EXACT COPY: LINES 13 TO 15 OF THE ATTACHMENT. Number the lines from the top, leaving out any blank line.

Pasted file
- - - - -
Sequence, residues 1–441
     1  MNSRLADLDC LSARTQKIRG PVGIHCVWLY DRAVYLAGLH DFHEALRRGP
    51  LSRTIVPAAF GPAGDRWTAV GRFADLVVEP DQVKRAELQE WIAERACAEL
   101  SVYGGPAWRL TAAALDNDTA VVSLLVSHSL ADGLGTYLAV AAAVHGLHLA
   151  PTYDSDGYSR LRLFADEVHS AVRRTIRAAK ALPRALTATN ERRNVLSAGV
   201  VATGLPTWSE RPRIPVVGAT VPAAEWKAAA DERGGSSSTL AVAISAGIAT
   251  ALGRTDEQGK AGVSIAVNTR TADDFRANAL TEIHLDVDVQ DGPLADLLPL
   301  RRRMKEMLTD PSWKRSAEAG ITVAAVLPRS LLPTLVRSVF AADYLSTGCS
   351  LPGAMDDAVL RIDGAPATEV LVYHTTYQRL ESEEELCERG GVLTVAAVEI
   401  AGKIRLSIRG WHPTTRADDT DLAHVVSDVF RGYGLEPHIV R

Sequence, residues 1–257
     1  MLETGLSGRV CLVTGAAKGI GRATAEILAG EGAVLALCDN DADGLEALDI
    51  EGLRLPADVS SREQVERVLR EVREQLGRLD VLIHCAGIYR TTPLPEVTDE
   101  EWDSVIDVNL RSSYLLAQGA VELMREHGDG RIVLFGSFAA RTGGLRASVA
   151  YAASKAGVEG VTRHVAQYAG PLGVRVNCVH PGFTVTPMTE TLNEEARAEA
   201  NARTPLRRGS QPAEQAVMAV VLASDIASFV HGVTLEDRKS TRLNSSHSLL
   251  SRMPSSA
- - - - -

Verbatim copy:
    51  EGLRLPADVS SREQVERVLR EVREQLGRLD VLIHCAGIYR TTPLPEVTDE
   101  EWDSVIDVNL RSSYLLAQGA VELMREHGDG RIVLFGSFAA RTGGLRASVA
   151  YAASKAGVEG VTRHVAQYAG PLGVRVNCVH PGFTVTPMTE TLNEEARAEA